Do you have any similar experience with shooting a food photography with a compact camera? Or with a clients that  are educated poorly about how good pictures are made? (-IMHO, it's ours,photographers fault)

I would love to hear your story! :)

Fujifilm X-E2 and Aquapac 451 together underwater

As a photographers, we get that unique opportunities to see things from a different perspective, so when I got a call "If I'm interested in shooting a report from a synchronized swimming event" I immediately knew, I need to see it & shoot it from underwater.

Only problem was that I've had zero practical experience shooting underwater and only one theoretical, which was this cool CJ video.

The camera: Usually my primary camera is a great little Fuji X100, but I was worried that for this underwater occasion it would not be focusing well&quick enough, so I decided to go with a new Fuji X-E2 with an 18-55/2.8-4 stabilized lens. I haven't found any real-life underwater test of this camera which only boosted my curiosity on how it'll perform in my unexperienced hands.

The underwater housing: The Aquapac 451 was the only pack with just-the-right size for both the X100 and the X-E2 (and probably any mirrorless camera on the market right now) I could get my hands on in Czech Republic.
I've paid 70$ for which it almost felt too good to be true and really waterproof since it looks like a effing hardcore camera raincoat (..which it basically is)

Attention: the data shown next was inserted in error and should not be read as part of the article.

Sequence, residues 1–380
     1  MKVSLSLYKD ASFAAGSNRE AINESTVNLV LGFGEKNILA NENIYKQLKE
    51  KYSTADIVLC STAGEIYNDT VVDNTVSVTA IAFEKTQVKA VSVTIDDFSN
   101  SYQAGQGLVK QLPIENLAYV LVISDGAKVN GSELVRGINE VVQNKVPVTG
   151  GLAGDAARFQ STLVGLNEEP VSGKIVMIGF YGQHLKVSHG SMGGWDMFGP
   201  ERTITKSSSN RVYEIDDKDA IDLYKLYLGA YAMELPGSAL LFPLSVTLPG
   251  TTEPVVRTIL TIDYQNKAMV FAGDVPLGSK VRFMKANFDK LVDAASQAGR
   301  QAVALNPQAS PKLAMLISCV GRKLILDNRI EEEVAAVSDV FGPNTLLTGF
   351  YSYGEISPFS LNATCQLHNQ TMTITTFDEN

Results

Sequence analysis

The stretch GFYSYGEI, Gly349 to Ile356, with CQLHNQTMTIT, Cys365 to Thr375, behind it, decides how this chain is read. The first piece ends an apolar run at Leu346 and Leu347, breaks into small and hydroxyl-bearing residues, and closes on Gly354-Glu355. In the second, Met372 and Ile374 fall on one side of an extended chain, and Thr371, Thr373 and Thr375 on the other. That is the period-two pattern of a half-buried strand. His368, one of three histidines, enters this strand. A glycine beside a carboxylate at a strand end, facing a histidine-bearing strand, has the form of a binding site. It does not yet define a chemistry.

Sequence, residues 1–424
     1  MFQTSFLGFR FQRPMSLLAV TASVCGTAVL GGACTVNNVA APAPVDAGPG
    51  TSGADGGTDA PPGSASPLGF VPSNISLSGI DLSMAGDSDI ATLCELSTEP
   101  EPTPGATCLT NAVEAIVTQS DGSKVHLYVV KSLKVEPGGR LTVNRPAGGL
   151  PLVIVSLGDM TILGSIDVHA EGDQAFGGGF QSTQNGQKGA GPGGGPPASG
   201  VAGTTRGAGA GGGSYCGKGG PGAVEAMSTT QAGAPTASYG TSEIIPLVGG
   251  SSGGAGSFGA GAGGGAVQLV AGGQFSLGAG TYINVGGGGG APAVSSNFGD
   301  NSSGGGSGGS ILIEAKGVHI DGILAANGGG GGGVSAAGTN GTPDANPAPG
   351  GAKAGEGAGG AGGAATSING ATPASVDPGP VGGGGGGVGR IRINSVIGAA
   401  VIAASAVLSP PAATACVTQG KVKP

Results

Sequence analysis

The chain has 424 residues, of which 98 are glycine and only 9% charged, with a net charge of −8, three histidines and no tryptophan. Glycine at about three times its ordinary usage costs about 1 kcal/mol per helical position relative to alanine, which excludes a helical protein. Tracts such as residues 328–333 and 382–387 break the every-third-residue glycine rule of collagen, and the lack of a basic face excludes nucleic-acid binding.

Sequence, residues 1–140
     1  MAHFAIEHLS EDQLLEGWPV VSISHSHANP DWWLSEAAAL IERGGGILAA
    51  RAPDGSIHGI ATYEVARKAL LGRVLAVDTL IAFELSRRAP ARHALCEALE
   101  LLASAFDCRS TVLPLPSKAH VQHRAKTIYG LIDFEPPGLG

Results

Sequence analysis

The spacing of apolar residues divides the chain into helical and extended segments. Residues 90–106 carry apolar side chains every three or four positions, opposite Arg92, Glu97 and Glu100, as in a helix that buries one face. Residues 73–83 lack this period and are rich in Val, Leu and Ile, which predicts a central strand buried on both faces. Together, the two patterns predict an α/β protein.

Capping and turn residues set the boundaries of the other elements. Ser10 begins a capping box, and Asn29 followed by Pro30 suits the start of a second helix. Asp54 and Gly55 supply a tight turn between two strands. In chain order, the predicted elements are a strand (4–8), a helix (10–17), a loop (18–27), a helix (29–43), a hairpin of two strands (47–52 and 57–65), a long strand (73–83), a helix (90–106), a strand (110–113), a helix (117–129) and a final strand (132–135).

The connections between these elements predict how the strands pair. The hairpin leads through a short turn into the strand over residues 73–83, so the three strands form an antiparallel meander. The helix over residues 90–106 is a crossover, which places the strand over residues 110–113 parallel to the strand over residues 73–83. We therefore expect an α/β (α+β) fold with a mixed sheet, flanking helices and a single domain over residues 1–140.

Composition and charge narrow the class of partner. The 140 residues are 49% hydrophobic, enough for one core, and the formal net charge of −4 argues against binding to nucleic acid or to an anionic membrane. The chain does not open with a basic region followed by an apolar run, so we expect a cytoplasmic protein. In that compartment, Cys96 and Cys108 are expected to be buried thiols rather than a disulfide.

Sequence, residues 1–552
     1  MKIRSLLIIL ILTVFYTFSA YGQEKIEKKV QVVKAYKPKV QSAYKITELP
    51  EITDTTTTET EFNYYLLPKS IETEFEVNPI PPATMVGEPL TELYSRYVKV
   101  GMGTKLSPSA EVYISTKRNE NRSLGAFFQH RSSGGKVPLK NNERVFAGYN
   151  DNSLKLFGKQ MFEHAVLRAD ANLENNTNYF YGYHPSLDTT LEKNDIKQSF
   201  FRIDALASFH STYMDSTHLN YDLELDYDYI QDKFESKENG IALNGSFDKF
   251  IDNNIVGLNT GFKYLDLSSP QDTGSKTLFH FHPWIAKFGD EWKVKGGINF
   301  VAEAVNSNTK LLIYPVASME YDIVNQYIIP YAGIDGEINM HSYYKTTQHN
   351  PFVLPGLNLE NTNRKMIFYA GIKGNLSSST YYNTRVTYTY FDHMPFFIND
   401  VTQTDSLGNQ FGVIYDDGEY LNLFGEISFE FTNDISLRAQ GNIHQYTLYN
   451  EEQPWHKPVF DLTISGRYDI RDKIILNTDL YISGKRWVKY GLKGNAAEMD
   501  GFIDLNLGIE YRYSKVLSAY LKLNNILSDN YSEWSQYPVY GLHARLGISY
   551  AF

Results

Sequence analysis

The lighting: My original plan was to put some strobes outside the water and trigger them via my Elinchrom Skyport triggers from underwater but unfortunately, the world doesn't go like that and it's impossible to easily trigger the lights underwater with radio signal. I have to depend on the ambient light & high ISO. Oops.

How it all works in action:
The housing luckily really is waterproof and It worked like a charm with an great XE-2. It flows in the water, which doesn't sound like much, but paired with a bundled carrying strap it's kinda sweet feature and you have one thing less to worry about in the field.
Another fact I didn't know about: Water is acting like a 1.5ish teleconverter to your focal length, so I've spent most of my time on 18mm/2.8 around 2000-4000ISO and 1/80-1/125s shuter speed. I expected a worse lighting conditions there, so nothing to complaint about- Fuji X-E2 holds these ISOs pretty well and at the 18mm it focuses surprisingly good&fast even underwater. 

My mindset was clear: To deliver the unique visual experience which only I was able to see there. To celebrate the feeling of being underwater which both I & especially the synchronized swimmers loves so much, even when I wasn't able to control anything happening there and was constantly worrying no to disturb the whole performance too much, because after all, I was there "only" as an event photographer.

The postproduction: Nothing special, just some WB, clarity, curves and colour tweaking in Lightroom 5.3, which finally supports the RAF files from the X-E2. Hooray!

The conclusion: The new Fujifilm X-E2 is a big jump ahead its predecessor in terms of autofocus and overall responsibility not just on the land, but underwater as well.. And you don't have to worry to put it in aquapac housing :)

 

 

Full gallery HERE.

EDIT: My best friend Ondra Penicka was there and he made a short (little bit cheap&awkward exactly the way we like it) video about it:)

You can check the video HERE